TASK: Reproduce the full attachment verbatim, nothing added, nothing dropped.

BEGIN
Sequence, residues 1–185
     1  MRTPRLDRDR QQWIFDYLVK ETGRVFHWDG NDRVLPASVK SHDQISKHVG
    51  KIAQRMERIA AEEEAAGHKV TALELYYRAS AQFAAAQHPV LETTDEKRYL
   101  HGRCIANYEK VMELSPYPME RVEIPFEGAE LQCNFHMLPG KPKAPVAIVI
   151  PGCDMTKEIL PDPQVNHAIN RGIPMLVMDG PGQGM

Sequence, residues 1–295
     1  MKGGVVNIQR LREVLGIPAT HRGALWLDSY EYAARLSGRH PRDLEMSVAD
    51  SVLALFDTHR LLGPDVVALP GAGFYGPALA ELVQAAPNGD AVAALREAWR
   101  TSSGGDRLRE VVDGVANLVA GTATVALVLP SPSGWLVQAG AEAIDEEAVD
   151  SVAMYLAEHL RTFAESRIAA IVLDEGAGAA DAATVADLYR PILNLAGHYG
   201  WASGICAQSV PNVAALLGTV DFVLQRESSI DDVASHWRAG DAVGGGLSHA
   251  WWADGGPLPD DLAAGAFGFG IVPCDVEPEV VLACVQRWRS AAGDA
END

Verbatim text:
Sequence, residues 1–185
     1  MRTPRLDRDR QQWIFDYLVK ETGRVFHWDG NDRVLPASVK SHDQISKHVG
    51  KIAQRMERIA AEEEAAGHKV TALELYYRAS AQFAAAQHPV LETTDEKRYL
   101  HGRCIANYEK VMELSPYPME RVEIPFEGAE LQCNFHMLPG KPKAPVAIVI
   151  PGCDMTKEIL PDPQVNHAIN RGIPMLVMDG PGQGM

Sequence, residues 1–295
     1  MKGGVVNIQR LREVLGIPAT HRGALWLDSY EYAARLSGRH PRDLEMSVAD
    51  SVLALFDTHR LLGPDVVALP GAGFYGPALA ELVQAAPNGD AVAALREAWR
   101  TSSGGDRLRE VVDGVANLVA GTATVALVLP SPSGWLVQAG AEAIDEEAVD
   151  SVAMYLAEHL RTFAESRIAA IVLDEGAGAA DAATVADLYR PILNLAGHYG
   201  WASGICAQSV PNVAALLGTV DFVLQRESSI DDVASHWRAG DAVGGGLSHA
   251  WWADGGPLPD DLAAGAFGFG IVPCDVEPEV VLACVQRWRS AAGDA